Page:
To achieve high thermal efficiency, and low cost of a gas turbine engine, turbine inlet gas temperature should be increased. However, the penalty is high thermal load, which exceeds the durability of the turbine components. Therefore, turbine blade is equipped with improved cooling techniques such as film cooling and internal cooling. Internal cooling is achieved by low enthalpy air circulating in multi-pass flow channels inside the blade structure. To increase the effectiveness of the internal cooling, the internal surfaces usually are roughened by angled ribs to trip the boundary layer and increase the turbulence, which enhance the heat transfer. As the turbine blade rotates, Coriolis and buoyancy forces appear and cause different heat transfer behavior from the leading and trailing surfaces. Coriolis force produces secondary flow in planes perpendicular to the main flow direction, which encourages the migration of core region flow toward the trailing surface in the first pass and leading surface in the second pass.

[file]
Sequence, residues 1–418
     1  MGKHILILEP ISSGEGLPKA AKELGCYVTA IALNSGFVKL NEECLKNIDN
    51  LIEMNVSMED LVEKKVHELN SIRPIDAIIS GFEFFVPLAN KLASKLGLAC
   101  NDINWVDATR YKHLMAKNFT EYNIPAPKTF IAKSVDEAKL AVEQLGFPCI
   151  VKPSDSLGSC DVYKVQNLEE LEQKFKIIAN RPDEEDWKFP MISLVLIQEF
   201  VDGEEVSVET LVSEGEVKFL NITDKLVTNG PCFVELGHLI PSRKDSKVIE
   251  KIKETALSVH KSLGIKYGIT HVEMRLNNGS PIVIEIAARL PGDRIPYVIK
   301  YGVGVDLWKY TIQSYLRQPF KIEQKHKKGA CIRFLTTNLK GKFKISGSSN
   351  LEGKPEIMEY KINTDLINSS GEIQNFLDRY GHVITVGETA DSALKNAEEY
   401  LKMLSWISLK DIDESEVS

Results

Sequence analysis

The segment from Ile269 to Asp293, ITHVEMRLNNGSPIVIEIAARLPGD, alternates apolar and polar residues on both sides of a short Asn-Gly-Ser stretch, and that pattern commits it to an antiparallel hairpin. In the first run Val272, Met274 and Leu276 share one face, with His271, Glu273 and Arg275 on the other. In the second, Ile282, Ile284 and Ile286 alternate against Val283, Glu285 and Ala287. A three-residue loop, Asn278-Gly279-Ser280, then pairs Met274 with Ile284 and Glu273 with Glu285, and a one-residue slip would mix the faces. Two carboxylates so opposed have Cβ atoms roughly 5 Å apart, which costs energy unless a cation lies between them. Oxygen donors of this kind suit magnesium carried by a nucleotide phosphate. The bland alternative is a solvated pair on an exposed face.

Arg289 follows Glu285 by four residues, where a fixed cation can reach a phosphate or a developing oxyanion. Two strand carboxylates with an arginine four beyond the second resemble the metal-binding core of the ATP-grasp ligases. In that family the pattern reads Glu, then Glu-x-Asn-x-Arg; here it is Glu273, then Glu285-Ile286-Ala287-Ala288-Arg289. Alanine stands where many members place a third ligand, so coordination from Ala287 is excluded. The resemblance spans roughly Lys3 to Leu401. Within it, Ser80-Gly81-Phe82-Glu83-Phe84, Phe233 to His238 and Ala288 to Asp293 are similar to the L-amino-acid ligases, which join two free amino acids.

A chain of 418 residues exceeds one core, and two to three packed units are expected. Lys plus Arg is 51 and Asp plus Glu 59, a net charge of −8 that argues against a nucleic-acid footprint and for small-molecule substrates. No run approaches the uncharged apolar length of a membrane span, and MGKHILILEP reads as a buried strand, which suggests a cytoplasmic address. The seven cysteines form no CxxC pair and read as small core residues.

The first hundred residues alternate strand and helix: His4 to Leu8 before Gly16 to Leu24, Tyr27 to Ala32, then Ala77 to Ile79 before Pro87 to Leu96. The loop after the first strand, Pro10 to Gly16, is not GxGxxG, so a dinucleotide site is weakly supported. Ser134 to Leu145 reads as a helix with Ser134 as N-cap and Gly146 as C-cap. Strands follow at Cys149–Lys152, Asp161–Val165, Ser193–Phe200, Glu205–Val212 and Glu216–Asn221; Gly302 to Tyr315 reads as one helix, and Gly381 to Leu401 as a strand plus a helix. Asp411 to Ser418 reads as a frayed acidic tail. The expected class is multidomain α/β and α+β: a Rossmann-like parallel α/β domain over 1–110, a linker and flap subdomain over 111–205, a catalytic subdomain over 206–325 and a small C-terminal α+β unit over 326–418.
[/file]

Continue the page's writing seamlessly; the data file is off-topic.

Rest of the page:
Over the bast few decays numerous studies have been made experimentally on the flow field and heat transfer in the internal coolant passage of gas turbine rotor blade. Metzger et al.1 studied forced convection in two-pass smooth rectangular channels by varying the divider location and the gap at the 180° turn. Fan et al.2 extended the Metzger et al.1 work by varying the channel width and the conclusion was, increasing channel aspect ratio results in smaller azimuthal heat transfer variations and increased overall channel heat transfer. Han and Park3 performed experimental studies on heat transfer characteristics in a non-rotating rib roughened rectangular channel. Han et al.4 studied the effect of the rib angle orientation on heat transfer distributions and pressure drop in a non-rotating square channel with two opposite in-line ribbed walls. They found that the 60° (or 45°) V-shaped rib performs better than the 60° (or 45°) parallel rib and, subsequently, better than the 60° (or 45°) crossed rib and the 90° rib. The V-shaped rib produced the highest heat transfer augmentation, while the crossed rib had the lowest heat transfer enhancement. Ekkad and Han5 performed a detailed study on heat transfer characteristics in a non-rotating square channels using liquid crystals techniques. The results show that the parallel, 60° V, and 60° V inverted ribbed channels produce similar levels of heat transfer enhancement in the first pass, while the 60° inverted V ribbed channel produced higher enhancement in the second pass. Wagner et al.6' 7 conducted the detailed experimental study to determine the effects of rotation (buoyancy and Coriolis forces) on the local heat transfer of a multi-pass square channel with smooth walls. They concluded that in the first pass of the coolant passage rotation created a thinner boundary layer on the trailing surface and a thicker boundary layer on the leading surface but in the second pass the performance was different and opposite to the first pass. The leading surface Nusselt number ratios in the second pass were higher than the trailing surface Nusselt number ratios because of the reversal of the Coriolis force direction. Johnson et al.8 performed a systematic investigation of the effects of buoyancy and Coriolis forces on heat transfer coefficients distribution of four-pass square channels with trips angled to the flow (45° ribs). Han et al.9 investigated uneven wall temperature effect on local heat transfer in a rotating two-pass square channel with smooth walls. Zhang et al.10 analyzed the heating condition effects in a duct with angled rib turbulators with rotation. They suggested that an uneven wall temperature had a significant impact on the local heat transfer coefficients. Parsons et al.11 presented wall-heating effect on local heat transfer in a rotating two-pass square channel with orthogonal ribs. Johnson et al.12 and Parsons et al.13 studied the effects of channel orientation and wall heating condition on local heat transfer coefficient in a rotating two-pass square channel with ribbed walls. They found that the effects of the Coriolis force and cross-stream flow were reduced as the channel orientation changed from normal b =90° to an angled orientation b=135°. Dutta and Han14 also investigated the local heat transfer coefficients in rotating smooth and ribbed two-pass square channels with three channel orientations. Dutta et al.15 presented experimental heat transfer results for turbulent flows through a rotating two-pass rib-roughened triangular channel, with two channel orientations with respect to the direction of rotation. Taslim et al.16' 17 studied the heat transfer characteristics in rib-roughened square and rectangular orthogonal rotating channels. They used a liquid crystal technique to study the effect of rotation on heat transfer distributions on the walls. First part, leading and the trailing walls of the test channel were roughened with staggered transverse ribs, while second part was, the opposite walls were rib-roughened at 45° with respect to the main flow, in a criss-cross arrangement. They found that rotational effects were more pronounced in rib-roughened channels with a higher channel aspect ratio and a lower rib blockage ratio. They investigated heat transfer effects only in an orthogonally rotating single pass channel. However, they did not consider a two-pass channel and the effect of channel orientation. Prabhu and Vedula18 investigated the pressure drop distribution in a rotating rectangular channel with transverse ribs on one wall. They conducted experiments for a rotation number up to 0.21 and rib pitch-to-height ratios of 3, 5, 7.5, and 10, and a rib height-to-hydraulic diameter ratio of 0.15. They found that a rib array with a pitch-to-height ratio of 5 caused the largest pressure drop. Azad et al.19 experimentally investgated the heat transfer distribution in two-pass rectangular channels (AR=2:1) connected with a sharp 180° turn. The results showed that the roughened surfaces exhibit better heat transfer distribution than the smooth surfaces. Also the results showed that parallel 45° angled ribs produced higher heat transfer distribution than crossed 45° angle ribs case. However, from the above-mentioned research, few papers can be found in the open literature studied the rectangular or triangular cross section channel especially with rotation condition. Hence, the first motivation of this paper was to study two pass rectangular channels (AR=2:1) that is connected with a sharp 180° turn. The second motivation was to find different ribs configuration that trip the boundary layer and promote more cooling effect inside the two-pass rectangular channels. However, it wis found from a previous study by Han et al.4 that the 45° V-shaped ribs show higher heat transfer performance in a one-pass non-rotating square duct compared to other ribs configurations (45° angled ribs or transverse 90° ribs). Thus, we have chosen 45° V-shaped ribs to be placed on the principle surfaces in the two pass rotating rectangular channels since they have shown a potential for higher heat transfer performance. Moreover, the effect of the channel orientation with respect to plane of rotation was investigated for two positions b =90°, 135°. Such experimental data is not available in the open literature, which shows the combined effect of the 45° V-shaped ribs induced secondary flows, and rotational induced secondary flows on the heat transfer enhancement in the two-pass rectangular cross sectional channels.